Channelpedia

PubMed 18836299


Referenced in Channelpedia wiki pages of: none

Automatically associated channels: Kv2.1 , Slo1



Title: Characterization of five RNA editing sites in Shab potassium channels.

Authors: Mary Y Ryan, Rachel Maloney, Robert Reenan, Richard Horn

Journal, date & volume: Channels (Austin), 2008 May-Jun , 2, 202-9

PubMed link: http://www.ncbi.nlm.nih.gov/pubmed/18836299


Abstract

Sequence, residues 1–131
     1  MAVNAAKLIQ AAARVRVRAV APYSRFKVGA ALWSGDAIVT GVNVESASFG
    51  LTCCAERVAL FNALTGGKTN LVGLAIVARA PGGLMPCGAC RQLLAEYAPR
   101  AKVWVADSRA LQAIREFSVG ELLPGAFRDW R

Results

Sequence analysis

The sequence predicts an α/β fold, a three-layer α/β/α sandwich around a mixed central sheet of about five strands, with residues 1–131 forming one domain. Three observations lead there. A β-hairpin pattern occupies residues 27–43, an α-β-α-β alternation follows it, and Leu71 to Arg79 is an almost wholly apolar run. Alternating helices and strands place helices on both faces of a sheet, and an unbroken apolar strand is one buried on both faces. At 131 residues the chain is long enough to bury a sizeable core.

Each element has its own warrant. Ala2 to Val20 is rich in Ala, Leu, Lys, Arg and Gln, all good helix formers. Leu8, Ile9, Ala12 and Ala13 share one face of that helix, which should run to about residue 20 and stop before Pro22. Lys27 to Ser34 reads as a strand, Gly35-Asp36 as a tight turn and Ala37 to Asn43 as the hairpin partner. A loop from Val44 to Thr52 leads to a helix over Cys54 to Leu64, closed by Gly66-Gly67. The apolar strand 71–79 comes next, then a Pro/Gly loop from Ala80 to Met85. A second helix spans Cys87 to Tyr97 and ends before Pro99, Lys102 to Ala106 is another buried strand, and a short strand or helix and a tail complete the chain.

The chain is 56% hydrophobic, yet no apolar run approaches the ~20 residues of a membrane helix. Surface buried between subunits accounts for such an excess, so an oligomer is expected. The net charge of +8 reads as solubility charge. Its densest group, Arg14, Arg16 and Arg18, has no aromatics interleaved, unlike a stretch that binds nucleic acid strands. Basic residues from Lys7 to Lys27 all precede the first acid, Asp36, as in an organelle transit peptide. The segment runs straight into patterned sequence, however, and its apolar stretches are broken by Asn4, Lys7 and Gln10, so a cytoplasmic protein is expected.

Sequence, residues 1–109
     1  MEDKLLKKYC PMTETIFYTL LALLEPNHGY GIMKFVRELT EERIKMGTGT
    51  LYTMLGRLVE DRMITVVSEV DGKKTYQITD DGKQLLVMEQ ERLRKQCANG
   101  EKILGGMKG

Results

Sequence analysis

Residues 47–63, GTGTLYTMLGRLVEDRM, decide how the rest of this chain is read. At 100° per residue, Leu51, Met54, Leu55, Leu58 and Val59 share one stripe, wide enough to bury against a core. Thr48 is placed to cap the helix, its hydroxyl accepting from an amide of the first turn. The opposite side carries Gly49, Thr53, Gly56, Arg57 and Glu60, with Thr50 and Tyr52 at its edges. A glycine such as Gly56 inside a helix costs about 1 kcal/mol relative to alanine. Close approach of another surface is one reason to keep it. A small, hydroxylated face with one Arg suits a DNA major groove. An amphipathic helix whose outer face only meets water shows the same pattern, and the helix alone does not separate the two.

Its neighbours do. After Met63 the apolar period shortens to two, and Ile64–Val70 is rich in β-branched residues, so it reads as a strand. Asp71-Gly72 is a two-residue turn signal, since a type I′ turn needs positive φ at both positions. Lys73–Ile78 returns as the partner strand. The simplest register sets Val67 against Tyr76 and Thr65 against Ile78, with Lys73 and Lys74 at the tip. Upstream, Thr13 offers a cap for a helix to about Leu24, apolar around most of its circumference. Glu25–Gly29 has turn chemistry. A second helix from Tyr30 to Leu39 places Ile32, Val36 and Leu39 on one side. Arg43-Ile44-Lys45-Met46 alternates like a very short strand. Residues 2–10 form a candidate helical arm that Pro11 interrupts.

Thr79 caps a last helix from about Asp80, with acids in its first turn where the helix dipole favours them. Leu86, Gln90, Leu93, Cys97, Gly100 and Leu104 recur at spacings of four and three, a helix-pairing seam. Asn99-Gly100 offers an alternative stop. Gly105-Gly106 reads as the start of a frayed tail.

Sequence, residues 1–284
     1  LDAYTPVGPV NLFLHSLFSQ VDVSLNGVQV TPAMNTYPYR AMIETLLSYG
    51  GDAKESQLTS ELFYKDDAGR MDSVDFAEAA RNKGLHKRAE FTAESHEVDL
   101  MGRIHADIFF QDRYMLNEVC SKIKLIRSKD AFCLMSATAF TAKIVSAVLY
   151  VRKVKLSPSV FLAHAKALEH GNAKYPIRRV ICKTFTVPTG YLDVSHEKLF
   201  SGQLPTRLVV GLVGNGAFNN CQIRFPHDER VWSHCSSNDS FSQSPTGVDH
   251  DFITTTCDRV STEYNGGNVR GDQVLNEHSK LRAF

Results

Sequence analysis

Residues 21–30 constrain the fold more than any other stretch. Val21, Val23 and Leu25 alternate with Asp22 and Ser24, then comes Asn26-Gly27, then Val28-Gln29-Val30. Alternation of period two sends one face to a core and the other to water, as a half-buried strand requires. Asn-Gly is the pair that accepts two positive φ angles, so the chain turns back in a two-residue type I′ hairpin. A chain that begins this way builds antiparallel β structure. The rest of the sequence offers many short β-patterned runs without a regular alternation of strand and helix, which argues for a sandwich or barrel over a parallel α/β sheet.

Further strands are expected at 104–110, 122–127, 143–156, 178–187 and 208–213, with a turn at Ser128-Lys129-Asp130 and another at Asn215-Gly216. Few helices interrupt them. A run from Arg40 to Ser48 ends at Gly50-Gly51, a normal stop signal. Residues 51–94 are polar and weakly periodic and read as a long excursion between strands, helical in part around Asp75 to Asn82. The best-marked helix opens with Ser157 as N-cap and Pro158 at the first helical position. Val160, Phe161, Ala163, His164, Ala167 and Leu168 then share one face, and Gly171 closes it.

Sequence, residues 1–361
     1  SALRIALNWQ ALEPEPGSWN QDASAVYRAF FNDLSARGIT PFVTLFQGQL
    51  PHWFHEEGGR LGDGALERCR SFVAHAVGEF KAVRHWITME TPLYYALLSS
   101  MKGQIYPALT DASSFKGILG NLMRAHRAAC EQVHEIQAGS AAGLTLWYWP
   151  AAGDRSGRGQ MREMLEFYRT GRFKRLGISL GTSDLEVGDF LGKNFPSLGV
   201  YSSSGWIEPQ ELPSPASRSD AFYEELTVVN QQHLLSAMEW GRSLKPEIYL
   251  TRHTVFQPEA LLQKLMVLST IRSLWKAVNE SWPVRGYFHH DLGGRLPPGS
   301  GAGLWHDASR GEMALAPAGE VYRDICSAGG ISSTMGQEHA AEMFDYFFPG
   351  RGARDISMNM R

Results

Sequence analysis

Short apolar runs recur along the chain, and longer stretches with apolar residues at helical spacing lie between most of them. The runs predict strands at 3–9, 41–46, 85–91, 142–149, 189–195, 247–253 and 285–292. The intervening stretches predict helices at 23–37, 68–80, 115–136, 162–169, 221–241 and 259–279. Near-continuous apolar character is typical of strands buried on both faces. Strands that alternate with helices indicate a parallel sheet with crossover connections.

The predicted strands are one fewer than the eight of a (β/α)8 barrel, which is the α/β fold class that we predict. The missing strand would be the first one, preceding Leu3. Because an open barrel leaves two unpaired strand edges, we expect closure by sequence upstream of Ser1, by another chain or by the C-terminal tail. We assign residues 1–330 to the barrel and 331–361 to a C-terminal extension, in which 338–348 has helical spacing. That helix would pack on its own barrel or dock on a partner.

RNA editing revises the genetic code at precise locations, creating single base changes in mRNA. These changes can result in altered coding potential and modifications to protein function. Sequence analysis of the Shab potassium channel of Drosophila melanogaster revealed five such RNA editing sites. Four are constitutively edited (I583V, T643A, Y660C and I681V) and one undergoes developmentally regulated editing (T671A). These sites are located in the S4, S5-S6 loop and the S6 segments of the channel. We examined the biophysical consequences of editing at these sites by creating point mutations, each containing the genomic (unedited) base at one of the five sites in the background of a channel in which all other sites are edited. We also created a completely unedited construct. The function of these constructs was characterized using two-microelectrode voltage clamp in Xenopus oocytes. Each individual 'unediting' mutation slowed the time course of deactivation and the rise time during channel activation. Two of the mutants exhibited significant hyperpolarized shifts in their midpoints of activation. Constructs that deactivated slowly also inactivated slowly, supporting a mechanism of closed-state inactivation. One of the editing sites, position 660, aligns with the Shaker 449 residue, which is known to be important in tetraethylammonium (TEA) block. The aromatic, genomically-encoded residue tyrosine at this position in Shab enhances TEA block 14 fold compared to the edited residue, cysteine. These results show that both the position of the RNA editing site and the identity of the substituted amino acid are important for channel function.